- Adjust dealer discounts: Manufacturers could provide integrators better discounts for less technical support problems / calls. This is indirectly accomplished through volume discounts though that is not perfectly correlated with lower support problems. The main challenge we see here is that adjusting discounts based on support problems can cause ill will and conflict with the integrator (e.g., the integrator gets offended because their discount is being decreased because of too many dumb support calls).
On the education side, manufacturers can:
- Make it easier to get product information: One problem we continue to see is that information is restricted or unavailable on the manufacturer's website. Many manufacturers still restrict public access to their technical documentation. The harder they make it to get information, the more support problems and calls they will receive. On the other hand, many manufacturers want to protect their dealers from competition and view restricting their information as a tactical solution.
- Make it easier to get product training via video: Only a small number of manufacturers offer easily accesible comprehensive video delivered product training (here's an excellent example). It is simply infeasible for most integrators to send all their techs to training. Making video training readily available can help get integrators trained quickly and at lower cost. They can also look at videos on demand when they hit a certain issue, helping themselves rather than calling tech support.
The final and perhaps most basic component is ensuring that integrators are well trained on network and surveillance basics.
Manufacturers try to address this but it is difficult. We have heard from both integrators and manufacturers that combining fundamentals training with product training is frustrating. Often the integrators at training already know those fundamentals so it is wasted day for them. At the same time, it costs the manufacturer a day of an instructor, classroom, etc. Plus, it is impossible to really learn the fundamentals in a day anyway.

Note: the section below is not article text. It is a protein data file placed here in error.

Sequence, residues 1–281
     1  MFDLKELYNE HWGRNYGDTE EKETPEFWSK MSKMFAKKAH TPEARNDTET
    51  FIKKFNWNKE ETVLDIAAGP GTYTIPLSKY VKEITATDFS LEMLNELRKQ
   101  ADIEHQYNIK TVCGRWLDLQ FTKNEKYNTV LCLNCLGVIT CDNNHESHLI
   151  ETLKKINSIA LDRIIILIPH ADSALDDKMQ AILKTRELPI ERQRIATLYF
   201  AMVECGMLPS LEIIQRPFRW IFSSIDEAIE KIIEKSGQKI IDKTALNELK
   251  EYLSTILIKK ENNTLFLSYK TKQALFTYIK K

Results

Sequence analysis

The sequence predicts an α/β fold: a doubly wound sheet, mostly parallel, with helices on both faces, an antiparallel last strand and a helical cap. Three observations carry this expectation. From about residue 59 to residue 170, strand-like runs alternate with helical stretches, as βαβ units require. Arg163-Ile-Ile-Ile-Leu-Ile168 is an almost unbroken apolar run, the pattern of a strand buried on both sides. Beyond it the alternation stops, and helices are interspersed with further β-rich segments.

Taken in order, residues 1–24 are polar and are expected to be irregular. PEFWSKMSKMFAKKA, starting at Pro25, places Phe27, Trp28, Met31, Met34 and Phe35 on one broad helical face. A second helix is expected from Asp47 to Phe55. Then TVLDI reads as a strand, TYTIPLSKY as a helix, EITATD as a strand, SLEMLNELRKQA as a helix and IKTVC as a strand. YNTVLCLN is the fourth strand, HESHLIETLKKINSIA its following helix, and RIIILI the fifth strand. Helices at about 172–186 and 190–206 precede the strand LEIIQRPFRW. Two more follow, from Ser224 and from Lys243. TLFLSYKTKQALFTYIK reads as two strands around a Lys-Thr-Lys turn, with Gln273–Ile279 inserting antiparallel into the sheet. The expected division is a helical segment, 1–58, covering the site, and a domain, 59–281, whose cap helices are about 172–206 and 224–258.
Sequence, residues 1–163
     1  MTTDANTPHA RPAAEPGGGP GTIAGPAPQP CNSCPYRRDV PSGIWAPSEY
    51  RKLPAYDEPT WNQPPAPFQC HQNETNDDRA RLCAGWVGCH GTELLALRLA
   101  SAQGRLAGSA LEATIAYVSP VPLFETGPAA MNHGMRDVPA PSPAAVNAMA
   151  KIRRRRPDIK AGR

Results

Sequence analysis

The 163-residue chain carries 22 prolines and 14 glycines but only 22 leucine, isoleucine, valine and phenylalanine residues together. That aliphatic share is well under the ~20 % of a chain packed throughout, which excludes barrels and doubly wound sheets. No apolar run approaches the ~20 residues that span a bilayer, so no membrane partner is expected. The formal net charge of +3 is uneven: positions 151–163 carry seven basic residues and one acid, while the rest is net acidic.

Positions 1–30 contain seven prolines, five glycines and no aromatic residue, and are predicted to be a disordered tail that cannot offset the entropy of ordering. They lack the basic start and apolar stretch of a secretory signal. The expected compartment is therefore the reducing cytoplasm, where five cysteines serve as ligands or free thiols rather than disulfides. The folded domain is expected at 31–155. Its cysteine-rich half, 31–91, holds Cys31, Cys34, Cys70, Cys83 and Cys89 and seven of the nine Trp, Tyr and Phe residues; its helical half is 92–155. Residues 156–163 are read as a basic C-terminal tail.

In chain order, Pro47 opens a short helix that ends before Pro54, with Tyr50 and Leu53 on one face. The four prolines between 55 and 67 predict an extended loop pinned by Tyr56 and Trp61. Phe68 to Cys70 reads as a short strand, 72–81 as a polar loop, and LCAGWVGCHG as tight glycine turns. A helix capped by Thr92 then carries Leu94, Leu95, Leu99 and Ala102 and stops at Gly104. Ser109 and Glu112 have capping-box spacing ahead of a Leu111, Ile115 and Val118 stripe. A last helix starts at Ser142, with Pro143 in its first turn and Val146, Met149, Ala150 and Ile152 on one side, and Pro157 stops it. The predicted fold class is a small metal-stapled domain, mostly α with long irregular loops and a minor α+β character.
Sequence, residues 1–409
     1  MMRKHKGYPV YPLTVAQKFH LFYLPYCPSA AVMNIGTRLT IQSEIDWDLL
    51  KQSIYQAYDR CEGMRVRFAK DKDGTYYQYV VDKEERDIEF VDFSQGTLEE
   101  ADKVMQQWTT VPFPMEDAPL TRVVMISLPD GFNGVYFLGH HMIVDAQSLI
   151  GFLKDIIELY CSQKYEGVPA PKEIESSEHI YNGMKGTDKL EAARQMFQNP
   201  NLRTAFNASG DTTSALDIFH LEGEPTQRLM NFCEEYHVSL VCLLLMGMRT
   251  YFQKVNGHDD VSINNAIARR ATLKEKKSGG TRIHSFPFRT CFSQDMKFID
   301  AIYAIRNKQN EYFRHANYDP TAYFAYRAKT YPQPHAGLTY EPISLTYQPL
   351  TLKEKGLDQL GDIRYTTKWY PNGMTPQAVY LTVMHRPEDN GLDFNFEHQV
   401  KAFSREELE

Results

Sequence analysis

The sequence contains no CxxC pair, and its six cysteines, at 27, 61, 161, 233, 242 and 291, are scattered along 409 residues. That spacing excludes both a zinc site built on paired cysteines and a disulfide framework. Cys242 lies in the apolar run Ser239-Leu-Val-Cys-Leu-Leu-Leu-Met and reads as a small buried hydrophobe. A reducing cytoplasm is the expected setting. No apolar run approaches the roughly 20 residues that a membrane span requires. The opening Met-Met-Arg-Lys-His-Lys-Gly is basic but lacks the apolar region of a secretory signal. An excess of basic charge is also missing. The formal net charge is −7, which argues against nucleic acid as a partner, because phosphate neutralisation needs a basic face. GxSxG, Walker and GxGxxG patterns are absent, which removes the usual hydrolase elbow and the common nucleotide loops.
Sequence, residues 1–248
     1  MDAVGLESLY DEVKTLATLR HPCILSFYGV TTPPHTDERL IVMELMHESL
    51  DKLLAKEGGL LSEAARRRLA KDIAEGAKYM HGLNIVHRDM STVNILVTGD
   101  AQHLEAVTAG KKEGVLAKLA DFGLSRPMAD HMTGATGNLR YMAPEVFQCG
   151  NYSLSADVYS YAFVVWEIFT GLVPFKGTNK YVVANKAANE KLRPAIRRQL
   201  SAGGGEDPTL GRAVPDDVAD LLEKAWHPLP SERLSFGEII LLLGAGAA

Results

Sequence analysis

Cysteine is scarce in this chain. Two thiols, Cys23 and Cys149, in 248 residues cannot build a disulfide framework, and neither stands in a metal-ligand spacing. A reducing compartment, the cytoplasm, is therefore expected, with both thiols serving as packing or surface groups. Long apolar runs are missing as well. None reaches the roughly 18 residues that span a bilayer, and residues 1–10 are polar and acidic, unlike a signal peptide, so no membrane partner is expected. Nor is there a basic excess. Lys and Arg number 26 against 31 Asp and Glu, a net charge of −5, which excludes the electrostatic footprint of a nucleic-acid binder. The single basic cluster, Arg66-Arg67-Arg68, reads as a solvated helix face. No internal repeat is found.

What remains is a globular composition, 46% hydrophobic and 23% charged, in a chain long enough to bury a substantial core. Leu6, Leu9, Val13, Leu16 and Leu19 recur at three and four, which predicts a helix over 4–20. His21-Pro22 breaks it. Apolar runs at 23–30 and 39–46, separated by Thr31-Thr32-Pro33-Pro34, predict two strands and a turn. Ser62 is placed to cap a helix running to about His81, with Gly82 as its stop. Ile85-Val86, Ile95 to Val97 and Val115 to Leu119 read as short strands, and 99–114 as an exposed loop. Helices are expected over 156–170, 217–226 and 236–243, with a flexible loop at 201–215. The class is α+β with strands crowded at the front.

Third party surveillance fundamentals training options are fairly terrible - typically expensive and out of date (e.g., 8 hour webinars for $495 [link no longer available], Charlie Pierce's old CCTV course, $2,000+ training in the UK, etc., etc.). Because of that, most integrators are left to learn on their own.
Even we (IPVM) do not make it easy on beginners. While we have a training section, it is completely self serve. Plus, our focus is overwhelmingly on testing newer technologies and advanced aspects. On the plus side, we clearly have an unrivaled depth of information on the site at a very low cost. However, on the down side, we do not make it easy to learn it nor do we help teach and train our members.
Undoubtedly, there is a clear need for better training that helps integrators improve their efficiency and lowers manufacturer burden for erroneous support requests. We need to do a better job meeting that. I believe we can as we expand our team this year.
UPDATE: an IPVM Surveillance Training Course is planned for this Spring [link no longer available].
Given that integrator error is such a significant problem, we are going to investigate more into the specific causes as well as develop new content and programs to help rectify this. If you have comments or questions, that would help in determining next steps.